Five protesters were injured in an assault at a demonstration in Tel Aviv against Public Security Minister Amir Ohana Tuesday night. The protesters were stabbed with broken bottles, punched, walloped with chairs, and pepper-sprayed. Two of them were slashed in the neck; one of them required stitches.
Although many protesters found it relatively easy to spot the disrupters, the police didn’t lift a finger to stop the onslaught. Furthermore, photographs from the field show the assailants marching near undercover police detectives and throwing the sticks they were holding into the trash, while the police detectives didn’t do a thing in response.
This material warrants serious review, for we must ensure beyond a reasonable doubt that there is no collaboration between the assailants and the police. It is doubtful whether Ohana, who incites against the protesters all day long, is capable of ordering such a review.
The prime minister’s response to the assaults on the protesters included the usual lip service (“there’s no room for violence”) and an attempt to blame everyone (Ehud Barak, Yair Lapid, and the “anarchists” on the left). Everyone, that is, except the person who has been dividing the people and stirring up an inflammatory atmosphere for the past 11 years – he himself. It seems that the protesters’ bloodstains didn’t concern him too much; he was more worried about the protest art installation exhibited at Tel Aviv’s Rabin Square, entitled “The Last Supper.” The installation, that went up Tuesday, showed a statue of Netanyahu seated at a table filled with all sorts of delicacies and eating a cake resembling an Israeli flag.
The assault on the protesters in Tel Aviv was not an isolated incident, contrary to what the right says each and every time about a “rotten apple” taking the law into their own hands. Political violence in Israel tends to move in one direction: From right to left. This isn’t only about the past history of political violence – Rabin’s assassination and the murder of Emil Grunzweig. Even as recently as the beginning of the week three people were arrested on suspicion of assaulting protesters at various spots in the country.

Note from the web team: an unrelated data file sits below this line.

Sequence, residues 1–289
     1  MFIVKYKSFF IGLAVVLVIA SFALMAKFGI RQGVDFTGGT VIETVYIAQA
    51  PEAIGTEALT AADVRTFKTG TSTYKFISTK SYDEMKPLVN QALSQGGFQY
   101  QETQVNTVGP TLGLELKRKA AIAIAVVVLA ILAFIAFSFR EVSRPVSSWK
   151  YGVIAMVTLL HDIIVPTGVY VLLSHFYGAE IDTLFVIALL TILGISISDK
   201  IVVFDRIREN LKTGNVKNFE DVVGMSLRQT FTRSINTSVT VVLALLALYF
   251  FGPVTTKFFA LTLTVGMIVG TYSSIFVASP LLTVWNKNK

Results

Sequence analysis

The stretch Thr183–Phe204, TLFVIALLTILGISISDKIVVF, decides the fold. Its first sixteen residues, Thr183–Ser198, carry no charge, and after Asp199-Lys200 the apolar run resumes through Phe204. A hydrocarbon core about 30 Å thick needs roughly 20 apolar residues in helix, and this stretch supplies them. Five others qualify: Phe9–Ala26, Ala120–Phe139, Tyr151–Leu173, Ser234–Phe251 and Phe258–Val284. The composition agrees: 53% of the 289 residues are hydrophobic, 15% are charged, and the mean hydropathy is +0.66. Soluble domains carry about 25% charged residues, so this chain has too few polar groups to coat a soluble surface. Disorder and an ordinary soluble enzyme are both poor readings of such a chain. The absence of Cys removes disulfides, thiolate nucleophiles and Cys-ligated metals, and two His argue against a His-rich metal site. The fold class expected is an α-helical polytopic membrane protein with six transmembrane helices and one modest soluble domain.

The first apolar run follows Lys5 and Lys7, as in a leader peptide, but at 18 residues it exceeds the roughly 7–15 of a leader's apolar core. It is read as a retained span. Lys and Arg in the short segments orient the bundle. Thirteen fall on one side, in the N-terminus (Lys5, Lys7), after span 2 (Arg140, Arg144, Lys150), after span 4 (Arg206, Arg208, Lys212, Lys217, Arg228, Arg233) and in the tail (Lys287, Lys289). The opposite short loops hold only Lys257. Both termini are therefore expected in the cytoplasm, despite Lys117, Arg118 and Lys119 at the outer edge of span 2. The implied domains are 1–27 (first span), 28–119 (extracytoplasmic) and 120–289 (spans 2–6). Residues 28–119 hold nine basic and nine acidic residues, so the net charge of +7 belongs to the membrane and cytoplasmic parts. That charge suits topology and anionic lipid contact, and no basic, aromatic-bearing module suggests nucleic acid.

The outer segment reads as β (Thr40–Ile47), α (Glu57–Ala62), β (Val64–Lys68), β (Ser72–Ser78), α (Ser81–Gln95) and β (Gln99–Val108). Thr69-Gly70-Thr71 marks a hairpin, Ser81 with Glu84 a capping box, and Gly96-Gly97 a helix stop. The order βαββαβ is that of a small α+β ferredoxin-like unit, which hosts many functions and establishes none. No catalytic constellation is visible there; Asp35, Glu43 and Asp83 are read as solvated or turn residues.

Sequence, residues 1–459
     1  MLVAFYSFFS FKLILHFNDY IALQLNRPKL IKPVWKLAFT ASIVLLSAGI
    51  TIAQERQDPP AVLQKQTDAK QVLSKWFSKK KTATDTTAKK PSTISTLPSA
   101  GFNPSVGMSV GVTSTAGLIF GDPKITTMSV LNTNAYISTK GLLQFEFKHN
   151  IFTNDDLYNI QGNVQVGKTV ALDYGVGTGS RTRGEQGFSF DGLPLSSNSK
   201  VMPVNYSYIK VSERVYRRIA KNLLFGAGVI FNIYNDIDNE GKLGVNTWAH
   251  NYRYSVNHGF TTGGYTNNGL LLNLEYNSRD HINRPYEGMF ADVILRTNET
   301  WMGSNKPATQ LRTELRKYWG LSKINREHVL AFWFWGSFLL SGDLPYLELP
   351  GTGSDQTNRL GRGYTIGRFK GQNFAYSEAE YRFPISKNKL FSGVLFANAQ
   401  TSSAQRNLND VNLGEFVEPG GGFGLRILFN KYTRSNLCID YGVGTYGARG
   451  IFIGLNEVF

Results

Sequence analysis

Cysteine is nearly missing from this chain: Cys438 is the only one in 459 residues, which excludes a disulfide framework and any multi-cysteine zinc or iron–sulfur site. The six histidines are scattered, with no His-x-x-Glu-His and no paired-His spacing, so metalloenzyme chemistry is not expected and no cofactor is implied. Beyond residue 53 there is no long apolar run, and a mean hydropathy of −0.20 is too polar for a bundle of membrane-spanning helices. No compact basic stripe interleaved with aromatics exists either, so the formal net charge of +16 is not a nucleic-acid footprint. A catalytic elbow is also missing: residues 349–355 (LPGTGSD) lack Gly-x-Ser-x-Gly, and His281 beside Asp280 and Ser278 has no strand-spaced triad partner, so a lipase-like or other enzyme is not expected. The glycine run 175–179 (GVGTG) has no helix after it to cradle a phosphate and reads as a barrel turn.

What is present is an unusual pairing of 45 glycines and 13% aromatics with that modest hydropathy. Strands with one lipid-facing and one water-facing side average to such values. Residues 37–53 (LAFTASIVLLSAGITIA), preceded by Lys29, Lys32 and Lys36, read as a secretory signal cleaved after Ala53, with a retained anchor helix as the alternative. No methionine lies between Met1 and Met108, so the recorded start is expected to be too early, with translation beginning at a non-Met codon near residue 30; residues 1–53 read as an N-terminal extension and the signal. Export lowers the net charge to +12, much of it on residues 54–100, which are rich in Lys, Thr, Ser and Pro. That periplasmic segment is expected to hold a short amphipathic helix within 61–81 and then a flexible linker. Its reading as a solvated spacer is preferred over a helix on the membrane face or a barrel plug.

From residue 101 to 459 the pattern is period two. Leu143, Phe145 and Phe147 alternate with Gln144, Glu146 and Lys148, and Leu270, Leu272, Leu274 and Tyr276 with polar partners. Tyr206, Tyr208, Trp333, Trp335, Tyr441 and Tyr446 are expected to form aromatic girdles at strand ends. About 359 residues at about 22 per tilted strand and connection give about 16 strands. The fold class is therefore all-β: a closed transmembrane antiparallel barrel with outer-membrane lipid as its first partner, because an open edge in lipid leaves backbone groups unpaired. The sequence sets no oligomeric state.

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It’s also no coincidence that Ohana’s house has become a focal point of a new protest. All this has happened because Ohana chose to use his power detrimentally to influence the police to take steps against the protesters outside the prime minister’s residence in Jerusalem: to fine them arbitrarily, use a heavy hand against them and even prevent them from protesting at the site.
Pyromaniac Benjamin Netanyahu and his henchman, Ohana, dare to accuse the left of “challenging the foundations of Israeli society” and fostering an “atmosphere of hatred.” After pouring fuel on every possible public venue and then handing out matches to everyone, they have no shame in preaching about the need “to lower the flames.” This is their pattern of behavior: To incite, and then to tweet; to divide and then condemn. This game of double talk is liable to end with yet another murder. The blood will be on Netanyahu’s hands.
The above article is Haaretz’s lead editorial, as published in the Hebrew and English newspapers in Israel.